AQA has sometimes been badged as a ‘sensory’ (A Quiet Place, Malorie) horror story but that is not how I wrote it. For me, the novella owes more to Orwell’s 1984 and Atwood’s The Handmaid’s Tale than something like Josh Malerman’s Bird Box. The monsters in AQA are human, fraught with emotional ambiguity, the circumstances not so fantastic.
To discern these elements, the second novel CATHEDRAL (due for release in January 2021, again through DEMAIN PUBLISHING) focuses squarely on life in the titular city alluded to in the original book. This time the narrator is Sarah, a deafened citizen of Cathedral who falls in love with a man rescued from the wilderness beyond the city walls. Cathedral has its own social order, its own laws, traditions and brutal punishments. To those inside its walls, the city represents safety, security and order. To those outside, it is a place with almost mythical prominence, a place steeped in folklore. The drama unfolds as Sarah and her new lover struggle to find common ground in their differing perspectives of the same city. We learn more about how far human beings will go in order to reduce their fears and maintain stability and, for me, it is a far more frightening book than the first.
At the time of writing this article, I’m almost mid-way through the third novel, THE SAMARITAN, which further expands the AQA world, with another hush-hush project in development with Demain Publishing, and due for release late in 2021. There is an overall feel that AQA is the stone dropped into a still pond, the ripples of disquiet expanding, growing into something that is no longer defined by its boundaries. And this makes it an incredibly fulfilling project to work on.
To finish, I guess it’s that important time where I need to give thanks to Dean Drinkel, Adrian Baldwin and Roberto Segate and all at Demain Publishing for the faith and creative input they’ve had in putting the AQA universe out there, to the readers and reviewers who have given such incredible feedback, and, of course, to Gavin and Steve Stred from Kendall Reviews for their unwavering support.
Until next time, thank you all.
Dave Jeffery, October 2020
All-day Halloween (31st October) you can pick up A Quiet Apocalypse for only 99p/99c
Dave Jeffery is the author of 15 novels, two collections, and numerous short stories. His Necropolis Rising series and yeti adventure Frostbite have both featured on the Amazon #1 bestseller list. His YA work features critically acclaimed Beatrice Beecham supernatural mystery series. His screenwriting credits include award winning short films Ascension and Derelict, the latter also featuring a mental health theme.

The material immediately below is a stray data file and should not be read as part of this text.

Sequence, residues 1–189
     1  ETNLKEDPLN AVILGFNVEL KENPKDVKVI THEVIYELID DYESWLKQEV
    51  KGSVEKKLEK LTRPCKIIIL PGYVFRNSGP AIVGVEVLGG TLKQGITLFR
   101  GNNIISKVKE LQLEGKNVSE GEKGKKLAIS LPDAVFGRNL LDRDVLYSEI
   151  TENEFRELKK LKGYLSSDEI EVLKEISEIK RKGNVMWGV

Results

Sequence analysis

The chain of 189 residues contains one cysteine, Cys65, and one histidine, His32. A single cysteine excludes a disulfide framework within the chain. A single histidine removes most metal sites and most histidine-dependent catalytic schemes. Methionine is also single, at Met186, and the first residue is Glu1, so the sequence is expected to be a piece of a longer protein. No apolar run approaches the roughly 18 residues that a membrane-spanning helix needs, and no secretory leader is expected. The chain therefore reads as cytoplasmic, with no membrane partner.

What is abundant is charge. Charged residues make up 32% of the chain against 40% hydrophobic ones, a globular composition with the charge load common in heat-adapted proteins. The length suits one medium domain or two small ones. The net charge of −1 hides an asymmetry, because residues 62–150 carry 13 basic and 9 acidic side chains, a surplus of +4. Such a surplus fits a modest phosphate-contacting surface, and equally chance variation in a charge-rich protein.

Jeffery has worked in the NHS for 35 years specialising in the field of mental health nursing and risk management. He is a registered mental health professional with a BSc (Hons) in Mental Health Studies and a Master of Science Degree in Health Studies. Finding Jericho is an amalgamation of his experiences of working with service users who have experienced stigma and social exclusion due to their mental illness. As a novel, Finding Jericho (Demain Publishing) has featured on both the BBC Health and Independent Schools Entrance Examination Board’s ‘Recommended Reading’ lists
Jeffery is a member of the Society of Authors, British Fantasy Society (where he is a regular book reviewer), and the Horror Writers Association. He is married with two children and lives in Worcestershire, UK.
Dave Jeffery can be found at: www.davejefferyauthor.com
You can follow Dave on Twitter @davebjeffery
A Quiet Apocalypse
The end is hear…
A mutant strain of meningitis has wiped out most of mankind. The few who have survived the fever are now deaf.
Bitter with loss and terrified to leave the city known as Cathedral, the inhabitants rely on The Samaritans, search teams sent out into the surrounding countryside. Their purpose, to hunt down and enslave the greatest commodity on Earth, an even smaller group of people immune to the virus, people who can still hear.
People like me.
My name is Chris.
This is my story.